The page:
The fittings are starting to grow on me a little. They definitely suit the violin very well! I'm in no rush to change them, though, so I'm sure I'll get used to them just fine.

My chinrest model might be a Teka? At any rate, I love it so far. It's a bit lower than my Gaurnieri was, but I love that it doesn't have that little hump that goes over the tailpiece. I have a long neck and a bony jaw, so that was just plain uncomfortable.

February 8, 2016 at 03:52 PM · Ha! So it is a Maggini copy! Goes to prove how little I know! :D

February 8, 2016 at 05:01 PM · You're required to purchase and try at least 20 sets of strings.

Violinist.Com is sponsored by the Shar Products Company.

February 8, 2016 at 05:19 PM · One should not dis Shar. They have a gizmo to cure every problem .... real or imagined.

Anyhow, what is more fun than a new violin ???

February 8, 2016 at 09:19 PM · Looks more like a London (see pics on Quinn violin site); there are lots of models with more-or-less over the chin, but left mounted.

worth trying models, esp. if you have ANY chin or balance problems.

February 8, 2016 at 11:55 PM · you can always replace the tailpiece for a wittner with fine tuners. its not very expensive

February 9, 2016 at 12:23 AM · And, CONGRATULATIONS on the new babe!!!!

I'm in the process of looking and trying a few out myself.

February 9, 2016 at 03:41 AM · @Aaron Wildman: I knew about the extra turn on the scroll with Maggini, just forgot about it until you mentioned it. as the label says 'Modello Maggini', it could be just as close to a da Salo for all I know.

@Aaron Zenor: if You're not tired of talking about your new violin just yet... please describe the sound...warm, medium, bright - focused/rich?

as for strings, I think it depends on if you want to take the fiddle in a different direction than it is now. I would not necessarily jump on Tonicas next either, they sound nice, but the mediums are too small gauged for my liking. Lots of things to consider with strings besides they way they sound. Tension and how they play being two important ones imo.

I sincerely hope you don't have to go thru 20 sets as Paul suggests...been there, done that.

February 9, 2016 at 04:42 PM · @ Dave Snow: I'd be happy to, if I could. I'm still quite new at this, though, so a lot of the terms people use to describe the sounds of violins kind of elude me. I don't know what a "warm" or "bright" violin sounds like, and so on. I only know that I like it, and that it's an improvement over what I had.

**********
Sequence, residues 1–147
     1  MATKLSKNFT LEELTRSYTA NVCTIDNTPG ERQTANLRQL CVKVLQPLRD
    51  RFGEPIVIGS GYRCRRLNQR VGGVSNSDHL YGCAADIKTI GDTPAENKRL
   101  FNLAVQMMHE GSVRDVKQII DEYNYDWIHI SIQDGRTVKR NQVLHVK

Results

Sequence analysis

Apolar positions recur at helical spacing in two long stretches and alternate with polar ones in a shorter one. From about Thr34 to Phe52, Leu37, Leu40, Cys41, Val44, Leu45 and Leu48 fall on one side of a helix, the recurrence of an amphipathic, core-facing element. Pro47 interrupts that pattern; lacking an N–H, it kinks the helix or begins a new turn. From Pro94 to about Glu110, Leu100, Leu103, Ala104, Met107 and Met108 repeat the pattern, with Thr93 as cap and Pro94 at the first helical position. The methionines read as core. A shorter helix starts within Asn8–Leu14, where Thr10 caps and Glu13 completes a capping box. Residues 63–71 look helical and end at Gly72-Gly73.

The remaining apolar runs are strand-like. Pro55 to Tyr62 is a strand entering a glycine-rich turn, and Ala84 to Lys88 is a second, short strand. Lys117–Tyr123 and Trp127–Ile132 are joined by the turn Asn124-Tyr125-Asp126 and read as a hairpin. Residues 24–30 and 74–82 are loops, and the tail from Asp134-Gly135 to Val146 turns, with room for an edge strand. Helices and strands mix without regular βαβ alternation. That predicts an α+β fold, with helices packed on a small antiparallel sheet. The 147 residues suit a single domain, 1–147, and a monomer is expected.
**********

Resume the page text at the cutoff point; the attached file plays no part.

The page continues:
If I'm comparing it to my old one, a Ricard Bunnel G2, I would say that it's more... expressive? My G2 felt dull, as though it lacked real resonance. My new instrument has a nice, not-too-loud richness to it that I love. It feels like it has more... texture?

In the process of buying, I played a wide range of instruments. One of them was an ornately carved, bright orange fiddle that reminded me of cowboy boots. I immediately rejected it because it had a loud, piercing sound. Not unpleasant, but something I would expect to hear in a country western bar.

Another I played sounded a lot like a viola. It's neck was thicker - possibly part of why it sounded so mellow? That one was gorgeous, and reminded me of soft lullabies. But it didn't project much, so I put it down.

Then another (which had an odd back made of "bird's eye maple" or something like that - reminded me of fire) that I played had a very aggressive, sharp sound that made me think of an epic battle scene.

So I ended up choosing the one I have. It has a sound that reminds me more of the softer parts of a fantasy movie. It projects well enough, but is a bit softer and less edgy than the others I played. The E has a clear, unmuddled sound that makes me think of sweets?

I hope that gives you an idea... As an avid writer, it's easier for me to think in terms of story/theme metaphors.

February 11, 2016 at 05:06 AM · ok, I get the idea from your description and your comparison to the other violins you tried. I prefer a "Less edgy" sound myself. as for projection, unless you are competing with other instruments or projecting to the back of a hall, I think it's better to have a sound that is pleasing under your ear. 'sounds' like you made a good call.

February 12, 2016 at 02:20 AM · Congrats Aaron. Sounds like you made a good choice.

I played a nice antique one for many years and loved it.

But had to send it back to Europe as it could not handle the dry climate here.

Maggini copies often have a bit darker sound, many are slightly

larger than standard size. (length of back often greater than 36 cm)

Here an original Maggini violin:

http://orgs.usd.edu/nmm/Violins/Maggini/3365/Magginiviolin3365.html

That would be well into the 6 figure price range of course if

the museum ever sold it.

Note that it does not have an extra turn in the scroll and is not over size (LOB 35.3 cm).

The common older French and Saxon Maggini copies often do

have an extra turn in the scroll but not all. Not all of them are over size either but the majority I have seen are.

February 12, 2016 at 09:30 PM · Nice fiddle, if you are happy with your new baby, nothing else matters. If you are not happy with the pegs or tuning after a while, you might consider fitting a set of Knilling perfection planetary gear pegs (turn ratio = 4 to 1). Though many if not most players are reluctant to try these, mostly because of tradition, I can assure you they will greatly clean up the appearance of your fiddle since no tailpiece fine tuners are needed. Also, once set up, they eliminate tuning problems completely. They are impervious to changing conditions and simply make tuning much easier. I now automatically fit them to every new fiddle I make. Perhaps the best new innovation in fiddle making to come along in 400 years. If you are a handy guy, read the instructions carefully and fit them yourself (you would likely need a hole reamer to do this). Better still, get someone with experience to do it for you. Preferably someone who has already fitted a few sets and has already experienced all the possible pitfalls involved.